Market News

Soybeans see a slight bounce

Soybeans were modestly higher on short covering and technical buying. Contracts are oversold and the U.S. harvest remains slower than normal at 96% complete as of Sunday, with more delays probable in northern areas, even if drier forecasts hold for the rest of the Midwest and Plains. Gains were limited by good crop weather in Brazil, most analysts project a record crop, along with the uncertainties about phase one of the proposed trade deal with China. President Trump Tuesday said a trade deal between the U.S. and China might not be finalized until after the 2020 Presidential election and new tariff threats for Argentina, Brazil, and France also had the broader market on edge. For now, at least, China is still buying U.S. soybeans, with new tariffs scheduled to go into effect December 15th. Soybean meal was mixed, adjusting old crop/new crop spreads, and bean oil was up, following beans.

Corn was mixed, mostly modestly higher, with nearby contracts weak and deferred months firm. About 1.5 billion bushels of corn is still unharvested and some of it might not be harvested until spring, especially the areas hardest hit by the past weekend’s winter-like storm. The USDA is surveying producers for the January crop production totals, but that likely won’t be the absolute final word on the 2019 crop. Corn is also watching weather in South America, including drier conditions in parts of Argentina. Still, temperatures in Argentina are expected to remain moderate, limiting stress, and Brazil is projected to produce a large second crop. Argentina and Brazil, along with Ukraine, have been big competitors in the export market over the last several months. Ukraine’s Ag Ministry says corn exports this marketing year are 7.5 million tons. Ethanol futures were steady to lower. The U.S. Energy Information Administration’s weekly ethanol production and stocks numbers are out Wednesday.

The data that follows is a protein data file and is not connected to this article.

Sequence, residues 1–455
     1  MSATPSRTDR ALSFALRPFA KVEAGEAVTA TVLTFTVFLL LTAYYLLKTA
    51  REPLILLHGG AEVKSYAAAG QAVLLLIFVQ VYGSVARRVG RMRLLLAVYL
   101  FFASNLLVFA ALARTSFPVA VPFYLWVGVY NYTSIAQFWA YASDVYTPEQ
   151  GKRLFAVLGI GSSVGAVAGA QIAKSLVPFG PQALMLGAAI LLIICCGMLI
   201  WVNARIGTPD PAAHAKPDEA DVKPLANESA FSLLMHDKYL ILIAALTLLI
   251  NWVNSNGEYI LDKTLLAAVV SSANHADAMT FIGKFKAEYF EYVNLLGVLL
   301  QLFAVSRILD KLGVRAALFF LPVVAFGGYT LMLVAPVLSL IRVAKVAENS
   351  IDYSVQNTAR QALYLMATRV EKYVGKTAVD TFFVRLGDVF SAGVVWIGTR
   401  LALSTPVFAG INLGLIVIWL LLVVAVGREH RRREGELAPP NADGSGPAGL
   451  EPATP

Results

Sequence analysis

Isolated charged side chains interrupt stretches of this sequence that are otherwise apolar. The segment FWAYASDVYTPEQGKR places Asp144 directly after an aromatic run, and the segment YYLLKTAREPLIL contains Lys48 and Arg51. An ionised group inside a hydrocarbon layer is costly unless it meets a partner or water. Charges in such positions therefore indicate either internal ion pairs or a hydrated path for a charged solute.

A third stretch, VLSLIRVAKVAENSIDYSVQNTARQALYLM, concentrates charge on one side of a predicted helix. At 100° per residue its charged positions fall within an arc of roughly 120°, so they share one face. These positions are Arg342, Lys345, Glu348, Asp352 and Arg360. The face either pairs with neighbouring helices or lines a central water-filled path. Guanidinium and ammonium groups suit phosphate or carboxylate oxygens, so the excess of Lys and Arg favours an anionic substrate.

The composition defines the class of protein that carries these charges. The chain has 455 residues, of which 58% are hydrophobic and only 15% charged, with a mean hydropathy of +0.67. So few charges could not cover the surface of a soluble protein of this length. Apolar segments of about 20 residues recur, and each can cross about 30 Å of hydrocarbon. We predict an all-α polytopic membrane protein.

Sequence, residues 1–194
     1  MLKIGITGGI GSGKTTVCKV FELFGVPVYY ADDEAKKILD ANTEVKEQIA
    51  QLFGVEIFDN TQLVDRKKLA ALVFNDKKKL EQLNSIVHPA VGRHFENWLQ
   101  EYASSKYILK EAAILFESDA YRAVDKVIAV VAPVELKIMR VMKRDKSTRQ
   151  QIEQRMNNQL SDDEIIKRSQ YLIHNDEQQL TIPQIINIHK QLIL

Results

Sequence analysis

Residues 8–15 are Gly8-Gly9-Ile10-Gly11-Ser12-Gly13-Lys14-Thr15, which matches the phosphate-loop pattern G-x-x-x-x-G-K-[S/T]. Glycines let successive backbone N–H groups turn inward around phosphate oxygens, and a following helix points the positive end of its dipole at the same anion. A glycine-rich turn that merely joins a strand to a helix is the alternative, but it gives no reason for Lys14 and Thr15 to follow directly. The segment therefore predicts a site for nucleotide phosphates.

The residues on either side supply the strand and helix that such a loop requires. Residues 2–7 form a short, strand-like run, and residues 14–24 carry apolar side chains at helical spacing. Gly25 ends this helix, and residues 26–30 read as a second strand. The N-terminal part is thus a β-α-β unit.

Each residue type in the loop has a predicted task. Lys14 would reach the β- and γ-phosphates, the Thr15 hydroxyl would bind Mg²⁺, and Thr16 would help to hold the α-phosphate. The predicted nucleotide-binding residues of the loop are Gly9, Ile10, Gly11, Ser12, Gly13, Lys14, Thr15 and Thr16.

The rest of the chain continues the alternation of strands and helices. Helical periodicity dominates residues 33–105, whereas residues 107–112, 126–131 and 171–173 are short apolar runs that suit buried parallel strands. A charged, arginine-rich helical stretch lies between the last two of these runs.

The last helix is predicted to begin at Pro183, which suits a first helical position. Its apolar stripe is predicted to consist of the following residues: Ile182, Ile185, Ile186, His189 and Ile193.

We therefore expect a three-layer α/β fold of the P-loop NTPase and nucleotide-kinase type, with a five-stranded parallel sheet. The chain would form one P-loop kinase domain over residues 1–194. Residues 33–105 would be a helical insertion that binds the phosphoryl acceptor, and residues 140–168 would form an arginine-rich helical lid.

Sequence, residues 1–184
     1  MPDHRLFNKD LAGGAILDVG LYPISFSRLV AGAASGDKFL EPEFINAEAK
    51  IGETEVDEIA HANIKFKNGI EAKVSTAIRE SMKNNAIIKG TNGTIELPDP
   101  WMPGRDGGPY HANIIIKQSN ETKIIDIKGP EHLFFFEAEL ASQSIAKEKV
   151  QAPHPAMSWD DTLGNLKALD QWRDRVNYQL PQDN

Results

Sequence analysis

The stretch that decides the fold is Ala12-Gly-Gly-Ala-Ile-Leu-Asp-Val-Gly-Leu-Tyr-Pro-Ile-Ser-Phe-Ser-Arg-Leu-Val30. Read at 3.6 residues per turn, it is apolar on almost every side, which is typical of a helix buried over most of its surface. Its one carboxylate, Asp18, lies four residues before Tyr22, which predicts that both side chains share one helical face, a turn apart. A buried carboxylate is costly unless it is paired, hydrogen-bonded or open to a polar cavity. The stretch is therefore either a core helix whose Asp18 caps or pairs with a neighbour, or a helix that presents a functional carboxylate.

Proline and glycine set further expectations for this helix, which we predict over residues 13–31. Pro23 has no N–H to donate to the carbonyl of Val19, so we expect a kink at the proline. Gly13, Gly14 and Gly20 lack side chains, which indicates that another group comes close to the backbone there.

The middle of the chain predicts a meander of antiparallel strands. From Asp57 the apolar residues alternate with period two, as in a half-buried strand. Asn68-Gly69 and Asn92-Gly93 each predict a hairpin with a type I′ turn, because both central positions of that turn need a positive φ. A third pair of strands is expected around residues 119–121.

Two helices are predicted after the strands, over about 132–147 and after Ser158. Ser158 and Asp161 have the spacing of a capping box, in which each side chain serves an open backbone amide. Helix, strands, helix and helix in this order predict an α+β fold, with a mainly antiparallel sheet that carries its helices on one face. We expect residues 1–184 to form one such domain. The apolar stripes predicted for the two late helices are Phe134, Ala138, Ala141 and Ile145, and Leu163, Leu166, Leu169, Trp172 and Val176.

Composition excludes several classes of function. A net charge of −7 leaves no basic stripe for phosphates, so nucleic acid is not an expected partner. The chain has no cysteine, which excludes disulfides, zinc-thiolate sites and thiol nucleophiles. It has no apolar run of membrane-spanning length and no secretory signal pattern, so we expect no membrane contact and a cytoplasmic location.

The wheat complex was mixed, with Chicago and Kansas City down on efforts to make prices more competitive and Minneapolis up on good demand for higher protein wheat and spread adjustments. Export demand for U.S. wheat is slowing down, but halfway through 2019/20, sales and inspections are still ahead of last marketing year. Australia’s government has lowered its crop guess, yields in parts of Argentina have been poor, and planted area in portions of the European Union has been limited wet weather. Russia’s Ag Ministry lowered its wheat production estimate, but the crop is still expected to be relatively large, allowing for plenty of export potential. Ukraine’s Ag Ministry says wheat exports are 13.5 million tons, compared to 9.4 million this time last year. The USDA’s next set of supply, demand, and production estimates is out Tuesday, December 10th at Noon Eastern/11 Central. DTN says Japan is tendering for 160,640 tons of food wheat from the U.S. and/or Canada, while Algeria, Egypt, Ethiopia, and Jordan also have open wheat tenders.

  • Are soybeans and corn sales down because of Trump and the tariffs?

    • Soybean sales yes, the decline in corn is more due to competition from South America and Ukraine. China is able to produce enough corn domestically to meet their own needs, only expected to import 7 million tons this marketing year.

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